Exhibit highlights the ABC’s of ABC booksJan 29, 2013 3:20 PM
“We are taking the notion of what an ABC book is and exploring how it is treated by fine press printers and children’s authors, and how other writers and artists conceptualized the alphabet,” said exhibit curator Jeffrey Makala, Librarian for Instruction and Outreach in the Irvin Department of Rare Books and Special Collections.
The idea for the exhibit began when the USC Libraries received a collection of miniature books from Martha Zachert, a retired USC library science professor.
“Many of those books, about 100 of them, are ABC books,” Makala said. “They are delightful books, and I began to think about other ABC books we had in our collections, and how they could be combined to create a multi-faceted exhibit.”
“Abecedaria!” looks at how the alphabet has been treated and interpreted by educational publishers, children's authors and illustrators, artists and fine press printers. It shows historical and contemporary ABC books, as well as examples of artists' books and modern fine printing, early schoolbooks and primers, and other graphic works that explore the nature, design and meanings placed upon the 26-letter Roman alphabet.
Exhibit items include 21st-century books on the ABC’s of places: A is for Africa, A is for the Americas, The Desert Alphabet Book, and P is for Palmetto. There are books on the ABC’s of animals: Slipper’s ABC of Fox Hunting (1903), ABC of Birds (1916), and ABC of Dogs (1940). There is even the Santa Claus A.B.C. Book (c. 1900).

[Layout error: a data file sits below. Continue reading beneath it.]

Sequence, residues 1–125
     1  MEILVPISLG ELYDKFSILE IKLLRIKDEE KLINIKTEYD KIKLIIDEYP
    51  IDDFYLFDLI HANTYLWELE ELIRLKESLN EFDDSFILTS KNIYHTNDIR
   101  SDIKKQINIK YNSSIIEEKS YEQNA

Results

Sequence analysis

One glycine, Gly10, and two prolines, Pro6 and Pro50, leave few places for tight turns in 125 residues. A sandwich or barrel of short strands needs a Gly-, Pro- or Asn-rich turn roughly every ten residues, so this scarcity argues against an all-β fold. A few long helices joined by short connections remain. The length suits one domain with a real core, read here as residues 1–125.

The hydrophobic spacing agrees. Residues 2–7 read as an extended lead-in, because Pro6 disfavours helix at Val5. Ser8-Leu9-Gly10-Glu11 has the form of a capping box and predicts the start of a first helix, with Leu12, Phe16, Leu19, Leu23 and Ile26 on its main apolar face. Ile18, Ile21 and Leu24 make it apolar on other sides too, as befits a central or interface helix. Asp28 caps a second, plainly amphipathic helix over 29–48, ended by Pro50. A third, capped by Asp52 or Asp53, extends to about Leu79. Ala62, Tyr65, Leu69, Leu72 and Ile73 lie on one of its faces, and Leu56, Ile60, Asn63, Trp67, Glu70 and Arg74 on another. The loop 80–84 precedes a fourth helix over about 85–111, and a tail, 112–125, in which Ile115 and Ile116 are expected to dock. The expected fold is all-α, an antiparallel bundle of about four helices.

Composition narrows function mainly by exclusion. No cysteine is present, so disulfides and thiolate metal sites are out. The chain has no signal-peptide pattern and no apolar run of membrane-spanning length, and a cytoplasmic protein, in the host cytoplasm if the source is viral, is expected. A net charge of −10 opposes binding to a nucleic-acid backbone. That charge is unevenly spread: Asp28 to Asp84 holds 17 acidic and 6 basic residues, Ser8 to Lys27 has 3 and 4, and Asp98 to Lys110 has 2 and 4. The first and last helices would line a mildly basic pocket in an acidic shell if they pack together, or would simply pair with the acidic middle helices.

“We have a medieval manuscript page featuring the letter ‘C,’ a 19th-century children’s book printed on cloth (shown in the photo here), and an 1870 French accordion book, Le petit monde alphabet,” Makala said. “Several exhibit items date from 1880 to 1920, which is considered the Golden Age of Children’s Literature. We have several versions of Kate Greenaway’s A Apple Pie, which is a fairly lavish book.”
Other items include Your Highway ABC Book, an advertisement via alphabet produced by ESSO Oil Company in 1935, a typography book from 1974 titled Printer’s ACEDEDARIUM, and the 2008 darkly illustrated The Dangerous Alphabet, written by Neil Gaiman and illustrated by Gris Grimley. And then there is the small volume, roughly three inches by three inches, that is all about one letter and simply titled, E.
The items on exhibit are chiefly drawn from the Irvin Department of Rare Books and Special Collections, many from the Martha Jane Zachert Collection of Abecedaria and Fine Press Printing, donated by Dr. Zachert in Spring 2012, and from the Department's historical children's literature collection, the Augusta Baker Collection, the William Savage Textbook Collection, and the Clyde C. Walton Collection of Fine Printing.
Pat Feehan, an associate professor in USC’s School of Library and Information Science, was the featured speaker for the exhibit's opening event on Tuesday, February 5.
early childhood materials courses, which among the many genres are alphabet
books,” said Feehan, who has crafted a special ABC Prezi presentation for the
“I teach librarians how to bring books and children together in just the right developmentally-appropriate way, and in the under-five group, the alphabet is pretty important because it is the very building blocks of language and literacy," Feehan said. "Jeffrey has been a welcome visitor to the course. He has brought many of these beautiful, old, children’s materials to display and discuss. It is fantastic for students to be able to see these books.”
The exhibit opening will take place in the Hollings Library Program Room. The Hollings Library is accessed through Thomas Cooper Library. The exhibit is on display in the Irvin Department Gallery through April 27. For more information, visit http://library.sc.edu/hollings.